In Japanese, textile production is organized into two categories: sakizome, textiles produced by weaving pre-dyed yarns, and atozome, textiles produced by dyeing pre-woven fabrics. A traditional technique of creating atozome is Katazome (“Kata” meaning “mold” and “Zome” meaning “to dye”), a method of resist-dye work. Using rice paste applied to fabric through katagami (paper stencils), patterns are transferred onto textiles. When the fabric is dyed, the areas covered in rice paste are protected and remain their original color. Indigo—ai—is most often used with the katazome practice, traditionally creating vibrant blue and white textile compositions with floral, vegetal, and geometric patterning.
Katazome stencils, known as shibugami, are traditionally made from several sheets of kozo (mulberry) paper laminated together with persimmon juice, which provides a strengthening and water-resistant coating. Various methods of cutting are used to create the variety of cut-outs that define the completed designs: the oldest method, kiribori (awl cutting), creates small dots; tsukibori (thrust cutting) uses a stenciling knife to create figurative designs; dogubori (tool punching) uses shaped blades to punch out designs; and hikibori (pull cutting) creates fine lines. For very complex designs, artists often use two stencils, an omogata (main stencil) and a keshigata (erasing stencil). Following the rice paste’s application onto fabric stretched on long boards, a sizing liquid—often soy-based—is brushed over the entire textile. After the fabric is immersed in a dye vat and dried, the paste is washed away, leaving a final pattern. Traditionally, a separate artisan is responsible for each step of the process.
The use of stencil decoration in Japanese art dates back to the Nara period (646-794 C.E.), albeit first to adorn paper. Stencils were also utilized in the Kamakura (1185-1336) and Muromachi (1336-1573) periods to decorate leather used in military armor. One of the earliest uses of stencil decoration on textiles in Japan was to ornament formal garments of the Samurai, as well as the clothing of the elite, throughout the Edo period (1603-1897). By the middle of the Edo period, a large-scale stencil-resist technique, known as chūgata, became popular for the decoration of clothes and household items. Following the Meiji Restoration of 1868 and its resulting rapid industrialization, the Japanese textile industry became increasingly automated and mechanized, as well as more focused on producing Westernized dress. Traditional artistic techniques like katazome waned in popularity until the Mingei (folk craft) movement of the 1920s brought about the resurgence of Japanese folk art techniques.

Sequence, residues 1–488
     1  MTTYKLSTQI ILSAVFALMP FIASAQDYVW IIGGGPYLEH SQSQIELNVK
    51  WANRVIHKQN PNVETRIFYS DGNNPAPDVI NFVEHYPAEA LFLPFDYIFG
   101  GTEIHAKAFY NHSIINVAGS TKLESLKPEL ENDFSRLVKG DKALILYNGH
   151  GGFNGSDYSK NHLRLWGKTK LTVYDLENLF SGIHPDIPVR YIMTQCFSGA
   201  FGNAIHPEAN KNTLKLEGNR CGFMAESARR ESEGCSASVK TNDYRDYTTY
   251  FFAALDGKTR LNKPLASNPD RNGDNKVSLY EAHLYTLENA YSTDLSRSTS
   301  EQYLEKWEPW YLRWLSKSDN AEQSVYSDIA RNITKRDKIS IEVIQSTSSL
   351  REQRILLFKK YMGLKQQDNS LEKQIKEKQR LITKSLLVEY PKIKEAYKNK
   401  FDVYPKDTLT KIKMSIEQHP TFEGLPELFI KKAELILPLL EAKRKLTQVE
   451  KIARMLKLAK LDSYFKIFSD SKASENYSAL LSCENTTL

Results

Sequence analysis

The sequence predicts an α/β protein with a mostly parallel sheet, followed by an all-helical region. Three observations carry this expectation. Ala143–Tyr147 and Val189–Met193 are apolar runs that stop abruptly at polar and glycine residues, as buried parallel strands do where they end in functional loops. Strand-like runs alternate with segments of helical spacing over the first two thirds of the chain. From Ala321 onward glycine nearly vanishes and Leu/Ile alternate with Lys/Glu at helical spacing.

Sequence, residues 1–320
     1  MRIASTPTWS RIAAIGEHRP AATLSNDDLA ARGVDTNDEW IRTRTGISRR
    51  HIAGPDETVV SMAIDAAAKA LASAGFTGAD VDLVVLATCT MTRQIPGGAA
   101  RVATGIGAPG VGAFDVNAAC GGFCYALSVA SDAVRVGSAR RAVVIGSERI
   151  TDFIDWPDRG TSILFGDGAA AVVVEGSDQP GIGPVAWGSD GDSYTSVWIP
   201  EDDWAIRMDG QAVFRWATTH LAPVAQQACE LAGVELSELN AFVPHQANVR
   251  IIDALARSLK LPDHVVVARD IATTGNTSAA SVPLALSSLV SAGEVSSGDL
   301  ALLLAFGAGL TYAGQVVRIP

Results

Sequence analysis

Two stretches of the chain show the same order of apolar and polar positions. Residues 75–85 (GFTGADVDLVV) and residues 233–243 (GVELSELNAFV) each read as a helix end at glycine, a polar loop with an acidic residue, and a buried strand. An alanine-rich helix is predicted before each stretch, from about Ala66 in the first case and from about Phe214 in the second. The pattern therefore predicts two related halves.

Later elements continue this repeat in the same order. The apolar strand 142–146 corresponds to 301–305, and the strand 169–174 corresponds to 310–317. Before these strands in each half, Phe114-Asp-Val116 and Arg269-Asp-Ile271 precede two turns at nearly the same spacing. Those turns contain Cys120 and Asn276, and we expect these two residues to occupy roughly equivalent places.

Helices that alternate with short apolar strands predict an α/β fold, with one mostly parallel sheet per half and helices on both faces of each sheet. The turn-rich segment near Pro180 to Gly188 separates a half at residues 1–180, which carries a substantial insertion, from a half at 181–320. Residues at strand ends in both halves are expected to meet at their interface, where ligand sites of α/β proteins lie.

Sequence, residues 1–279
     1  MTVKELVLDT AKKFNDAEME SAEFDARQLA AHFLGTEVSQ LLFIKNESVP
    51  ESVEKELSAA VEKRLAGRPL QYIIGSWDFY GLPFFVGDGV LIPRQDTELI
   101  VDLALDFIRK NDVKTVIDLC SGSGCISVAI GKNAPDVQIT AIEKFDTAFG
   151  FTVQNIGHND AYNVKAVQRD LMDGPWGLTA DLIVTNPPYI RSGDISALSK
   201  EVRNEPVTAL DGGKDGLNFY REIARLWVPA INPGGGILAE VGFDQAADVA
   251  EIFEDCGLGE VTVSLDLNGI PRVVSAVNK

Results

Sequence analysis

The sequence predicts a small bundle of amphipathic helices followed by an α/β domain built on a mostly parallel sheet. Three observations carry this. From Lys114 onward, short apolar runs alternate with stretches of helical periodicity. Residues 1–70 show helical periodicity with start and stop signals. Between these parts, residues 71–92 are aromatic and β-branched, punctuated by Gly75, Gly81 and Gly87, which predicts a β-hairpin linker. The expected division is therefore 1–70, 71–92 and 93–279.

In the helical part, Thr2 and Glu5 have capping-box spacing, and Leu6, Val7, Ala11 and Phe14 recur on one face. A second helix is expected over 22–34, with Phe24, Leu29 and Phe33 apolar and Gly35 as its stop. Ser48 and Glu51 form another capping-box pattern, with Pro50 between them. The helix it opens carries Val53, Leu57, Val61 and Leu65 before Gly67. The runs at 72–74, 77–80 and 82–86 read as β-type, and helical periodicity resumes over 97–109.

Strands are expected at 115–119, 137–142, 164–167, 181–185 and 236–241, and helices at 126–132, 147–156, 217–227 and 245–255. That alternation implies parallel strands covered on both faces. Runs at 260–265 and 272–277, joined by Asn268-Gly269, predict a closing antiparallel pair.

One of the founding artists of the Mingei movement was Serizawa Keisuke (1895-1984), who specialized in resist-dye work, particularly katazome. His textile works utilize incredibly dynamic pictorial expression in complex compositions of Japanese theatres and villages and calligraphic designs, as well as colorful images of flowers, animals, and spiritual figures. In 1956, when Serizawa was named Holder of an Important Tangible Cultural Property, the Committee for the Preservation of Cultural Properties created a new category of atozome specifically for him, kataezome (stencil-picture dyeing). This recognition reflected the richness of Serizawa’s designs, which were much more complex than the traditional historical compositions, as well as his involvement in every stage of the production process of his textiles.
Many contemporary Japanese textile artists utilize katazome in celebration of the craft tradition, while many employ the ancient method to produce entirely modern works of textile art. The flexibility of this practice allows artists the freedom to create dynamic compositions with layers of stenciled designs. Matsubara Yoshichi developed a technique of using in succession stencils of the same shape in diminishing size to produce penetrating patterns that have an illusion of depth. Chinatsu Nagamune uses katazome to “create patterns from markings [she sees] around [her].” Tomie Nagano, a Japanese quilt artist based in Japan and Massachusetts, pieces katazome-dyed indigo cotton into visually complex quilted compositions. Rumi Rock, a Japanese fashion brand founded by designer Rumi Shibasaki, uses katazome to create flamboyant patterns on kimonos. Another contemporary clothing designer, Jōtarō Saitō, uses traditional methods to create kimonos and yukatas (summer kimonos) that reflect contemporary “street” designs.
Experience ai katazome for yourself at Tatter’s immersive textile retreat in Maine, taught by Chinatsu Nagamune, June 18th-23rd, 2023!
Faulkner, Rupert. Introduction to Japanese Stencils, 7-11. Exeter: Webb & Bower Limited, 1988.
Jackson, Anna. Japanese Country Textiles. London: The Victoria & Albert Museum, 1997.
McCarty, Cara and McQuaid, Matilda. Structure and Surface: Contemporary Japanese Textiles. New York: The Museum of Modern Art, 1998.
Mizuo, Hiroshi. “Serizawa Keisuke: An Appreciation,” in Serizawa: Master of Japanese Textile Design, edited by Joe Earle, 93-96. New Haven: Yale University Press, 2009.